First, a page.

The Bertillon mug shot was picked up by police worldwide, becoming an iconic trope in Hollywood and the art of Andy Warhol and Marcel Duchamp. Still, as Bertillon himself noted, locating one face among many images is extremely difficult “if you have no other means but your eyes to search for the photograph among the thousands in an ordinary collection.”
3. CAMERAS EVERYWHERE
The rise of cheaper and more portable methods of popular amateur photography by 1900 meant that ordinary people began taking photographs of themselves and others in public—sometimes without their subjects’ consent. A flood of lawsuits was lodged against photographers who circulated or publicly exhibited people’s portraits without permission. “Amateur Photographic Pest,” an 1890 cartoon in the satirical magazine Punch, captures the invasions of privacy often associated with photography in an age when, as Punch noted, the camera seemed to thrust its “prying” eye into everything.
4. HAVE YOU SEEN THIS MAN?
Before the development of the halftone process made it easier to reproduce photographs on paper, police had to glue photographs of conspirators onto their “Wanted” posters. (One of the earliest such posters, in 1865, bore the portrait photograph of Abraham Lincoln’s assassin, John Wilkes Booth.) The first FBI “identification order,” signed by FBI assistant director Frank Burke, was circulated in 1919, with an attached photostat of a portrait of a man wanted for Army desertion. Meanwhile, in cases where no photo of the suspect was available, law enforcement relied on hand-drawing to represent witnesses’ or victims’ memories of a suspect’s face.
5. RECOGNIZED BY COMPUTER
The first experiments with semi-automated computer-based facial recognition were made during the mid-1960s by Woodrow Wilson Bledsoe, a pioneer of artificial intelligence, who devised a system for noting key facial landmarks on each picture (for example, the width of the mouth or between eyes). In the 1980s and 1990s, research by mathematicians Michael Kirby and Lawrence Sirovich at Brown University and computer scientists Matthew Turk and Alex Pentland at MIT led to a linear algebra-based system called Eigenfaces, which can plot a human face efficiently by focusing on the ways it deviates from the average. This screenshot shows some of the faces that can be created through adjusting those variables.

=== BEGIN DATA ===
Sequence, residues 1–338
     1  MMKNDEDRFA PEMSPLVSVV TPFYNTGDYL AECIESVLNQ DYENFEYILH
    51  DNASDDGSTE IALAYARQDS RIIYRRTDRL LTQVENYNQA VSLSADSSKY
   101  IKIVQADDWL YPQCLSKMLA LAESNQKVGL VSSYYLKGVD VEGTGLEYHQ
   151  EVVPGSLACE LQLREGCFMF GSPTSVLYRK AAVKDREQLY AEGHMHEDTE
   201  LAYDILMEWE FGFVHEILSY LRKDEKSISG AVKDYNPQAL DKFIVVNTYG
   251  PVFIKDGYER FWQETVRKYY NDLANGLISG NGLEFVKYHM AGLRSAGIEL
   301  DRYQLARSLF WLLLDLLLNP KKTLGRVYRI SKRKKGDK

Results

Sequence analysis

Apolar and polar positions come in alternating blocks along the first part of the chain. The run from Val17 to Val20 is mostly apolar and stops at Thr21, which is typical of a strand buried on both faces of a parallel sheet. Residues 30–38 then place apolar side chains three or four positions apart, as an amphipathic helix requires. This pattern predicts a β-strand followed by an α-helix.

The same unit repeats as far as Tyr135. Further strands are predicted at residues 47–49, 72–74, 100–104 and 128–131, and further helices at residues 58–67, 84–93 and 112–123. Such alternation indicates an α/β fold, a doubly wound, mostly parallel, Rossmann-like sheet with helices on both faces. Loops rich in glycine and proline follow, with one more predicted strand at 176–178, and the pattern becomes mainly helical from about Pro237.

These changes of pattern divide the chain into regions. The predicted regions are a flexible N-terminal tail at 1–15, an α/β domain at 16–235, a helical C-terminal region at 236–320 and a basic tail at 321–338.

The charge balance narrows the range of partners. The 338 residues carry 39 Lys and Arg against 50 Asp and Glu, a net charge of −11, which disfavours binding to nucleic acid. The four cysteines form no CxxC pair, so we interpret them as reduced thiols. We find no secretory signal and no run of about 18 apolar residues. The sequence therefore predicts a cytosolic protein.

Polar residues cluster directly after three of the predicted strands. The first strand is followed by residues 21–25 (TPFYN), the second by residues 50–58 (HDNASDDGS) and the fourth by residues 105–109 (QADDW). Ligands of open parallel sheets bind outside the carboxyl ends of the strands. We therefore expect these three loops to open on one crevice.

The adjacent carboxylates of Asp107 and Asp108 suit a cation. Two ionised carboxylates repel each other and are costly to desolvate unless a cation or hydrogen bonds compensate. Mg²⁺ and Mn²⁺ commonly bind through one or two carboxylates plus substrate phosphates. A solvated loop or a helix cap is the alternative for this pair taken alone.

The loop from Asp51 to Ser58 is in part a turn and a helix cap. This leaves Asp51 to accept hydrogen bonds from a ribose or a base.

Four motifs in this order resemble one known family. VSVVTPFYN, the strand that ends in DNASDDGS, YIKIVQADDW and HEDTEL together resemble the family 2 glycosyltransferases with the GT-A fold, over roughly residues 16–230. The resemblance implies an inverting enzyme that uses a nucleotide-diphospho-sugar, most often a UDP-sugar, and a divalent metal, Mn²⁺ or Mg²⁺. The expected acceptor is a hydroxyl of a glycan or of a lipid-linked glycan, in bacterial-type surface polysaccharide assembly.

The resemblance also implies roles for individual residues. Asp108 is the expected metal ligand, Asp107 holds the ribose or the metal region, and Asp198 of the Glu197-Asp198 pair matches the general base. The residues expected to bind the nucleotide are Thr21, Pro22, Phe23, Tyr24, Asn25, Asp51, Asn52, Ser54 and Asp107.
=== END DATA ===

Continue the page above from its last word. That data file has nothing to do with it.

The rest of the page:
6. BIOMETRICS TO GO
By the 1980s, a loose collective of companies and academics had begun working in the field of automated personal identification, or biometrics. The tragedy of 9/11 created an opening for biometrics developers to expand their sales in America, a nation that saw itself as vulnerable precisely because it could not identify its enemy. The wars in Afghanistan and Iraq were a windfall for the biometrics industry, with occupying armies using portable systems to identify and track members of the local populations. As with many innovations produced by the Department of Defense, high-tech facial recognition technology is now being used by domestic police as well, including at large-scale American events and gatherings.
7. FACIAL IDENTIFICATION GOES COMMERCIAL
Today, biometrics is big business: The global market grew from $400 million in 2000 to $5 billion in 2011, and is projected to increase to $23 billion by 2019. A major driver is the spread of digital camera technology (notably through smartphones) and Internet photo sharing sites, where users willingly post and tag images of themselves.
As this huge trove of data accumulates, companies are experimenting with ways to use facial recognition technology to drive sales and attention. In September 2009, for example, Coca-Cola Zero launched a Facial Profiler app on Facebook that scanned photos for people who looked like you. The tagline for the project was: “If Coke Zero has Coke’s taste, is it possible someone out there has your face?” Increasingly, we have the technology to find out.
Jennifer Tucker is an associate professor of history and science in society at Wesleyan University, and the author of “Nature Exposed: Photography as Eyewitness in Victorian Science.” She is working on a book about Victorian facial recognition, photographic evidence of identity, and the law.